Translator Disclaimer
7 March 2008 90nm node contact hole patterning through applying model based OPC in KrF lithography
Author Affiliations +
As semiconductor technologies move toward 90nm generation and below, contact hole is one of the most challenging features to print in the semiconductor manufacturing process. There are two principal difficulties in order to define small contact hole pattern on wafer. One is insufficient process margin besides poor resolution compared with line & space pattern. The other is that contact hole should be made through pitches and sometimes random contact hole pattern should be fabricated. Therefore advanced ArF lithography scanner should be used for small contact hole printing with RETs (Resolution Enhancement Techniques) such as immersion lithography, OPC(Optical Proximity Correction), PSM(Phase Shift Mask), high NA(Numerical Aperture), OAI(Off-Axis Illumination), SRAF(Sub-resolution Assistant Feature), mask biasing and thermal flow. Like this, ArF lithography propose the method of enhancing resolution, however, we must spend an enormous amount of CoC(cost of ownership) to utilize ArF photolithography process than KrF. In this paper, we suggest the method of contact holes patterning by using KrF lithography tool in 90nm sFlash(stand alone Flash)devices. For patterning of contact hole, we apply RETs which combine OAI and Model based OPC. Additionally, in this paper we present the result of hole pattern images which operate ArF lithography equipment. Also, this study describes comparison of two wafer images that ArF lithography process which is used mask biasing and Rule based OPC, KrF lithography process which is applied hybrid OPC.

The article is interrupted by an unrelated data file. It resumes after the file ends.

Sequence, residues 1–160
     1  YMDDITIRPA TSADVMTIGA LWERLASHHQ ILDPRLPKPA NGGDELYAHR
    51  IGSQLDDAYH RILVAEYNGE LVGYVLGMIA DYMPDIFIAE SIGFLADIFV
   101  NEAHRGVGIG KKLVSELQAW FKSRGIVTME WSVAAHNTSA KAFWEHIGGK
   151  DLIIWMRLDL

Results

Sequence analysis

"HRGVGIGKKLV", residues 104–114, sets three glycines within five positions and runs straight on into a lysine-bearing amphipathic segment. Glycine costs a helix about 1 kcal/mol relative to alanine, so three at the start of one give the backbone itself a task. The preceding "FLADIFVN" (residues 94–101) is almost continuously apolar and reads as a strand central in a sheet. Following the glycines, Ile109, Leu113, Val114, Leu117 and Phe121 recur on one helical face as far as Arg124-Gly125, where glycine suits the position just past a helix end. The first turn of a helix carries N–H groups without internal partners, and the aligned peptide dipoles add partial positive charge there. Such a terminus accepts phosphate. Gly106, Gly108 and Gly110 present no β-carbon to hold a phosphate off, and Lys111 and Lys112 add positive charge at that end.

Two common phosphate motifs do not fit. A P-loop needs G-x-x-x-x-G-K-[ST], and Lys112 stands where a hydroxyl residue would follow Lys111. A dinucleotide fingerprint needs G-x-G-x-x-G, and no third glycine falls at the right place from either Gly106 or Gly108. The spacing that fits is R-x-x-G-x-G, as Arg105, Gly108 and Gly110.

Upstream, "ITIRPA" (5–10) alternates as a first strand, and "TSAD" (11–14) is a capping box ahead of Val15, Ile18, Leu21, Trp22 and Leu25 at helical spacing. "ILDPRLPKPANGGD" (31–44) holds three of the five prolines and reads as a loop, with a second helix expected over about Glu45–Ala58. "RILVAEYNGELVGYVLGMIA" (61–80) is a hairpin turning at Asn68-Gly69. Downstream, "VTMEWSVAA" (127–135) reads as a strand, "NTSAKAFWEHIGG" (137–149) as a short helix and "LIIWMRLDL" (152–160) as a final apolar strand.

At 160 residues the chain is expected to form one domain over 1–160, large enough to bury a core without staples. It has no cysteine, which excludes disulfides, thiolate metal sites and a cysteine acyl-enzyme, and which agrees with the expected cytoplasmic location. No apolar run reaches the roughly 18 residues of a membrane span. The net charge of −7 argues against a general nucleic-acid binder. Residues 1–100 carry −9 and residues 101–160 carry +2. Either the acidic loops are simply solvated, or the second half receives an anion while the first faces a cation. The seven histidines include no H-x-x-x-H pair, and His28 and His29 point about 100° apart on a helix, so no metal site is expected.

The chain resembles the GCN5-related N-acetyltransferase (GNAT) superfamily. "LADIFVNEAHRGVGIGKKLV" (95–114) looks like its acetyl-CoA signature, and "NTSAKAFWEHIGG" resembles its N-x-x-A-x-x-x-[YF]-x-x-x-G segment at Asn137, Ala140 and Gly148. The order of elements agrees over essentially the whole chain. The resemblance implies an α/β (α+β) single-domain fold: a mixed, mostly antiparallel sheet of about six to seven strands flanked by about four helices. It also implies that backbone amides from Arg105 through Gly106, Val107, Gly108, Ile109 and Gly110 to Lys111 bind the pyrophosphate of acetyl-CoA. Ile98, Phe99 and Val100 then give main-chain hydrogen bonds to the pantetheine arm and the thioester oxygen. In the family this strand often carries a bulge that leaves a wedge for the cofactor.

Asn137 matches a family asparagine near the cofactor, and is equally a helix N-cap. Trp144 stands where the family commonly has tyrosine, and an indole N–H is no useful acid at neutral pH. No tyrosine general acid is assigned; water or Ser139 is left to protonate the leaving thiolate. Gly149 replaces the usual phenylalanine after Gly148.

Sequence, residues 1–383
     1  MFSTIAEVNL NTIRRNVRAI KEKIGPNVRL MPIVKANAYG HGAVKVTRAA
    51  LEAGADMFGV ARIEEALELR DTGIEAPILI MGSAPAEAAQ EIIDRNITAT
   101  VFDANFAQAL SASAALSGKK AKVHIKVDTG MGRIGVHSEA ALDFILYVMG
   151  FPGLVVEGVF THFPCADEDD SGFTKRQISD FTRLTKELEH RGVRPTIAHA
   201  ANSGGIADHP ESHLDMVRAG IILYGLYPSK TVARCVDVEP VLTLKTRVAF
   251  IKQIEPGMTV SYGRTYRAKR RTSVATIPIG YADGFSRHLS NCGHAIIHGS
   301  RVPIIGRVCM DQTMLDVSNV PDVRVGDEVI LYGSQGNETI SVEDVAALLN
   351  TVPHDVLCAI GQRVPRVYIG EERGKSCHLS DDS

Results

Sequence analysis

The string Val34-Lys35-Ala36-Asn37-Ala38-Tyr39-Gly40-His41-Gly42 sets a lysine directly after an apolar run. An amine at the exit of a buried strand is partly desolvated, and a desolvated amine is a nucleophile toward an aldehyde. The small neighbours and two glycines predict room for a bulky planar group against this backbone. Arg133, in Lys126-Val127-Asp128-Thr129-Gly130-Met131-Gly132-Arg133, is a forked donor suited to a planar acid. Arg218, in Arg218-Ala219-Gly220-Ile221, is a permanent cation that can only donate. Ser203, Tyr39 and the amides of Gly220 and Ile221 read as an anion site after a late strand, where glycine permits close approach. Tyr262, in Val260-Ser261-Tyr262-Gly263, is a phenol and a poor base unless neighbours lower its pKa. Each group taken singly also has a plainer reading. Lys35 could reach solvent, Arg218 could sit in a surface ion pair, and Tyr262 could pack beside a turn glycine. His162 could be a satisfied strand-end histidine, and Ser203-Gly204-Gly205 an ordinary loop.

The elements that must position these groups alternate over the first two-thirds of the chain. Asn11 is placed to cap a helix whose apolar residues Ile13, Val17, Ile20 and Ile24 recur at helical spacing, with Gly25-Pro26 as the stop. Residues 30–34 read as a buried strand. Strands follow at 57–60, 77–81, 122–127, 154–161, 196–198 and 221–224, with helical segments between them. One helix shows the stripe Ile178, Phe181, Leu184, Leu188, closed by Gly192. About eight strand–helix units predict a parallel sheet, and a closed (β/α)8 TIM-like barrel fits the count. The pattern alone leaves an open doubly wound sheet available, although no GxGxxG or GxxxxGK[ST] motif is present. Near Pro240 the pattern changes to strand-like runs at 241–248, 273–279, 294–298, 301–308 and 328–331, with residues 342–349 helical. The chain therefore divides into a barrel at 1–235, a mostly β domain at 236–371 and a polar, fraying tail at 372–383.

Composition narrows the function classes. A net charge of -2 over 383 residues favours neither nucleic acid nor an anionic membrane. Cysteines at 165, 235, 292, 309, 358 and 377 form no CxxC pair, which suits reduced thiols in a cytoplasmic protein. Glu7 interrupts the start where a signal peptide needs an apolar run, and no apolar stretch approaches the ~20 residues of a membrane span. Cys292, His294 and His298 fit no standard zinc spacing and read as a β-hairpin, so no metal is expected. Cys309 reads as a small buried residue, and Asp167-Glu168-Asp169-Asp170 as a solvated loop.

© (2008) COPYRIGHT Society of Photo-Optical Instrumentation Engineers (SPIE). Downloading of the abstract is permitted for personal use only.
Young-Doo Jeon, Sang-Uk Lee, Jaeyoung Choi, Jeahee Kim, and Jaewon Han "90nm node contact hole patterning through applying model based OPC in KrF lithography", Proc. SPIE 6924, Optical Microlithography XXI, 69242W (7 March 2008);

Back to Top